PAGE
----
When I was in college earning my Communications degree in Broadcast Journalism and taking a myriad of marketing, advertising, digital media, and public relations courses, one thing was drilled into my brain on a regular basis: Well-designed [and well-written or well-presented] content would always win the audience. You see this in news media all the time, right? No matter how empty, vacuous, or — let's just be honest — awful the story itself actually is, it can always be dressed up with elaborate videography, fancy lighting, special graphics, embellished language, and so on. And sadly, most folks will still watch, read, or listen to this sort of dribble, er, I mean, content as long as it holds their attention.
As the old business and marketing sayings go: "Eye appeal is buy appeal" and "Content is king."
But these statements are no longer true in the sphere of Church Communications, particularly in a post-COVID world. For too many decades now, we've been operating under the assumption that high-quality and well-designed content will generate or result in higher attendance and church growth/expansion. And this might've been true for a few years in the 90's and early 2000's. Plenty of companies, organizations, conferences, live events, summits, megachurches, and media franchises exploded in those days by successfully generating phenomenal content.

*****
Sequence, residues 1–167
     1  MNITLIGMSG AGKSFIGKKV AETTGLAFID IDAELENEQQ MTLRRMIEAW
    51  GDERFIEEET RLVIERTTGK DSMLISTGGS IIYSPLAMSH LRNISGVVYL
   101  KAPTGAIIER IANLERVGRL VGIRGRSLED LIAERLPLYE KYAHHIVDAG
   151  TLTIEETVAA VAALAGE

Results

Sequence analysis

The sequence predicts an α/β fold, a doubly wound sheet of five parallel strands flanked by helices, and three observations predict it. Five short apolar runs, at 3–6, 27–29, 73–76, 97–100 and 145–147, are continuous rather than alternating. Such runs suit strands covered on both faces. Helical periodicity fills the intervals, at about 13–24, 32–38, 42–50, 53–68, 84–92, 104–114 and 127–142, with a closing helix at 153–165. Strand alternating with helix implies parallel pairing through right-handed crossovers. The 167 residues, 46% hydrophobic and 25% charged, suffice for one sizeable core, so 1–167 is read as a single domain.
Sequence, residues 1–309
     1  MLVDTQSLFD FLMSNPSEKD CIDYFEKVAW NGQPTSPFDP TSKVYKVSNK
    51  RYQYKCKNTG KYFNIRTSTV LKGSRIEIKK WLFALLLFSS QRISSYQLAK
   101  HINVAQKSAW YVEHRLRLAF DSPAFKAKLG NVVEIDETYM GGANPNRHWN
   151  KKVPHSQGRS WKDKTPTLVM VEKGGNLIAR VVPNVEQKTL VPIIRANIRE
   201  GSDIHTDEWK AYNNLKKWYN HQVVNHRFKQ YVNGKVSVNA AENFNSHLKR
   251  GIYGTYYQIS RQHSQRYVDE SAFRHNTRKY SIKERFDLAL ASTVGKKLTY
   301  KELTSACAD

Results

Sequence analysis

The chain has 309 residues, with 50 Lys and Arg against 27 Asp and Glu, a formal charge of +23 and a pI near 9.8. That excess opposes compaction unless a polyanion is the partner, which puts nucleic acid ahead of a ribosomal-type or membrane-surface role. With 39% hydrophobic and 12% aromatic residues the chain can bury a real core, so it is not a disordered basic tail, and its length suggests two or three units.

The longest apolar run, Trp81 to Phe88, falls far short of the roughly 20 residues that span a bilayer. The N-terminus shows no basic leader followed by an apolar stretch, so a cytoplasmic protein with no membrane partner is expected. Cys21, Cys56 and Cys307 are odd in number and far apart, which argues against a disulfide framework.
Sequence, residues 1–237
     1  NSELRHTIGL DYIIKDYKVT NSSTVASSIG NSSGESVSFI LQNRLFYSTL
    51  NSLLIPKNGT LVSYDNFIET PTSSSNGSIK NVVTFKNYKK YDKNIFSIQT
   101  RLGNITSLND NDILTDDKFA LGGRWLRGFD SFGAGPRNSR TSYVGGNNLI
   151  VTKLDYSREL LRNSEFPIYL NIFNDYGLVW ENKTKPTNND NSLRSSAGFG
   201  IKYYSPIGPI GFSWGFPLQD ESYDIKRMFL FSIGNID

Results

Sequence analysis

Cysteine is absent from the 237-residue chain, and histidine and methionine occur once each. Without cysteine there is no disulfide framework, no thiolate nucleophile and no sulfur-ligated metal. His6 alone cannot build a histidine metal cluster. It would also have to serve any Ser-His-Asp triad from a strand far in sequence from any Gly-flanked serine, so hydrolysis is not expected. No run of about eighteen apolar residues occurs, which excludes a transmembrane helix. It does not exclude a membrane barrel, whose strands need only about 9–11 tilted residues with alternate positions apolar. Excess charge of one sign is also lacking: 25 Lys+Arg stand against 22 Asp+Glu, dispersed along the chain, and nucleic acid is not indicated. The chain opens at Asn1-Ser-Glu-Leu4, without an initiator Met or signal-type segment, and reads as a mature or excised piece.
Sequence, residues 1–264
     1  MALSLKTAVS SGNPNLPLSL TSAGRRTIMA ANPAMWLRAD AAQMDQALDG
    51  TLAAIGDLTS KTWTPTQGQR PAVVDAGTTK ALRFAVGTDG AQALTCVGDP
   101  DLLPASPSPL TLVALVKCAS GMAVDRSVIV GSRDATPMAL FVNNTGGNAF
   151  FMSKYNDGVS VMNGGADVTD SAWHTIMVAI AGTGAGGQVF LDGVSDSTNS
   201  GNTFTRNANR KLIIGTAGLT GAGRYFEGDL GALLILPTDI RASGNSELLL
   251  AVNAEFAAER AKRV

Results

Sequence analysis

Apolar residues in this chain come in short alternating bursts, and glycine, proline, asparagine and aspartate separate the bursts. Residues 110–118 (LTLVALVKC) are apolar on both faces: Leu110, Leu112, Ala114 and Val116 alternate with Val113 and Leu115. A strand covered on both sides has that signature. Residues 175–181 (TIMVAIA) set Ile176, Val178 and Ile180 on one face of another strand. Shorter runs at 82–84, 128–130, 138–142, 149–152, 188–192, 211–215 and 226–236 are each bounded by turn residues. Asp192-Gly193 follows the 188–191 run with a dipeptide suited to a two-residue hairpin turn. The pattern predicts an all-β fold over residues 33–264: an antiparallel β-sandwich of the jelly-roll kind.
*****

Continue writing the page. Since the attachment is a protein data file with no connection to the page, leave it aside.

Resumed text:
But not lately. Something has shifted. Something has changed. Blame it on the pandemic. Blame it on Hollywood. Blame it on Silicon Valley. Whatever the culprit, we — particularly in the Church — have been on content overload for far too long. And we've had our fill.
Of course, we still need solid content in the Church. Don't misunderstand. We need insightful and biblically-sound sermons, engaging media, livestream technology, stirring music, excellent writing, etc. It's all still necessary. Don't worry. You're not out of a job. Not yet anyway.
But these elements, and even the quality of these elements, will not be what ultimately draws people to your physical location. Simply put, folks won't show up just because you're a superb orator or because your church has a killer Instagram. Why? Because plenty of other pastors (both locally and online) are gifted speakers and plenty of churches across the country boast eye-popping social media pages. They can get that anytime they want, anywhere they are, just by whipping out their smartphone or tablet. That might be hard to swallow, but it's just reality.
What will draw people to your church, and keep them there, are personal relationships and a family/community atmosphere where they have a sense of belonging. And that will only happen if you a) pray for God to bring it about and b) work to make it happen.